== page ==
Mar 3rd, 2021, 12:10 AM

The True Climate Change Countdown

By Jacob Rogers
Image Credit: Jacob Rogers
What is the role of courts, NGOs, and citizens in the fight for effective climate policy?

On February 3, 2021, the Paris Administrative Court found the French government responsible for failing to fully meet its goals in reducing greenhouse gases. The case, and subsequent ruling, has received immense international attention, marking it as one of this century's most important cases in the fight to reduce global emissions. It began in late 2018 when four Non-Governmental Organizations (NGOs), Greenpeace France, It’s Everyone’s Business, Oxfam France, and the Foundation for Nature and Mankind (l'affaire du siècle), filed the suit after over two million people signed a petition stating their displeasure with the French government’s inefficiency in reducing carbon emissions. 

The suit was filed under the premise that the government has failed to meet the requirements for decreasing greenhouse gas emissions according to the Paris Climate Agreement of 2015 and other subsequent French laws. While this case is largely symbolic, it sets an incredible precedent. After ordering the government to pay one euro to the NGOs, the tribunal rendered influential decisions and findings. Most notably, the court found a link between the failure of the government to comply with its obligations and permanent ecological damage. They continued on to say that the French state should be held liable for this damage. This comes after decades of inaction in what Dr. Albert Cath, Assistant Professor in the Economics and Management Department at the American University of Paris, describes as, "the engagement of humanity."

According to the ruling, the French government had two months to respond to the decision. In those two months, the court said that it will spend its time investigating the extent of the damage done by the government’s inaction.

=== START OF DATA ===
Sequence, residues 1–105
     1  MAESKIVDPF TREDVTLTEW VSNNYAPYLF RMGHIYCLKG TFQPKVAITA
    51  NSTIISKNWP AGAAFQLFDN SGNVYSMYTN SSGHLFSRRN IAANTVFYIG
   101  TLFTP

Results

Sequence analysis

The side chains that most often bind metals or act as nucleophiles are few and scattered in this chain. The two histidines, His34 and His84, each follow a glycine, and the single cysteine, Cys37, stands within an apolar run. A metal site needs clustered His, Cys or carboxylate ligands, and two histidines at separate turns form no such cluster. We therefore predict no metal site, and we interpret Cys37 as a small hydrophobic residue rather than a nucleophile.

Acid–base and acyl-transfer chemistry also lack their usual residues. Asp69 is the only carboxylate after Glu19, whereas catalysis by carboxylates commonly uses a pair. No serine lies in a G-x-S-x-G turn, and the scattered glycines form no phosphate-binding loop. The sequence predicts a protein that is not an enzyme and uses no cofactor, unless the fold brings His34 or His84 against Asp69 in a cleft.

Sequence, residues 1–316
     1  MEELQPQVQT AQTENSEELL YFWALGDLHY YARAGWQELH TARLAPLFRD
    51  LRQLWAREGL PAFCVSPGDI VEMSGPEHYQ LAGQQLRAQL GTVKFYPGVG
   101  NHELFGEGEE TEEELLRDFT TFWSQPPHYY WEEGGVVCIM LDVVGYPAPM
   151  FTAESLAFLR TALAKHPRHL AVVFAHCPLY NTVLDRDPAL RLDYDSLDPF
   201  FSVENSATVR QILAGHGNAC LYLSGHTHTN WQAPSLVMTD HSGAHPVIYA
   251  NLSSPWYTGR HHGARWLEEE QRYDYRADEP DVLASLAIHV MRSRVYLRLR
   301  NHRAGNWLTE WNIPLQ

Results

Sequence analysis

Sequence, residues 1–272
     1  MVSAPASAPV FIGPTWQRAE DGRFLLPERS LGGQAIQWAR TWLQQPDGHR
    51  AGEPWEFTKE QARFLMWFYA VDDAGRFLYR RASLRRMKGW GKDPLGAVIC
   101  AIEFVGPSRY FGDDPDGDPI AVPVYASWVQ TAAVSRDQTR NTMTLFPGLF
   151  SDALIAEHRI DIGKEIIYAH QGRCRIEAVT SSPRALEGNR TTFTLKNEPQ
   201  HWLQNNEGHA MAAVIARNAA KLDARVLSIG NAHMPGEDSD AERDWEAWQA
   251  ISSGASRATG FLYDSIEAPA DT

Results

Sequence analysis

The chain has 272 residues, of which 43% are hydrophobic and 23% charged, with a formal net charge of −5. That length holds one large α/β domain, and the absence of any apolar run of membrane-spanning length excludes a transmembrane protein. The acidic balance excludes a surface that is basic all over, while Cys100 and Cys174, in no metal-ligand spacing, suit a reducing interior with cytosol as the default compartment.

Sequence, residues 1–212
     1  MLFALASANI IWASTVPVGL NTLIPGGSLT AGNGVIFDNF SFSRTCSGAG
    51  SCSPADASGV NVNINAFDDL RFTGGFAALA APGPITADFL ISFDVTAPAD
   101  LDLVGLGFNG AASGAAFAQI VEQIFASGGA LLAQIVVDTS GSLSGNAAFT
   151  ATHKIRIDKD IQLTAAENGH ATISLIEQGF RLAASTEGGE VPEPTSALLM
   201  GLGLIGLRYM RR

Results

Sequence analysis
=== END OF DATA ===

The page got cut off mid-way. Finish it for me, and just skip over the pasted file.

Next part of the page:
This landmark case comes among a wave of similar suits around the world. One such case occurred in the Netherlands. The Urgenda Climate Case is revolutionary in nature. After nearly five years of legal disputes and appeals, in late 2019 the Dutch Supreme Court upheld the decision of the lower courts and found that the Dutch government must quickly and efficiently reduce its emissions, according to its obligations under human rights law. 

Over 800 Dutch citizens became co-plaintiffs in a suit against their government for not acting decisively enough to reverse the decades of damage that reckless emission policies have caused to the environment. However, the Dutch courts did not use the same legal framework as the French case. Instead the Urgenda case reveiled that the Supreme Court found the government is responsible for reducing their emissions not only because of their commitment to the Paris Climate Agreement or other environmental regulations, but because of their obligations under international human rights law as members of the European Court of Human Rights. To put it simply, this means that a reduction of emissions is a human right. Therefore, in the court’s view, the rights to a cleaner environment, non-polluted air, and safe drinking water are legally protected.

With so many cases around the world being litigated in the fight for substantive climate policy, the natural question that follows is what those policies look like. For Dr. Cath, climate policy should not be separate policy initiatives, it should simply be policy. He says, "If we treat the climate as a separate dossier, then we lose out." Climate change must be the most central issue in all legislation. It seems simple. But what is required of us is most certainly not. It requires a restructuring of our economies, our immigration policies, and our laws. The capitalist system that has led to the shrinking of the middle class, unlivable environmental conditions, and steadily rising sea levels, must evolve. 

Image credit: Creative Commons/alisdare1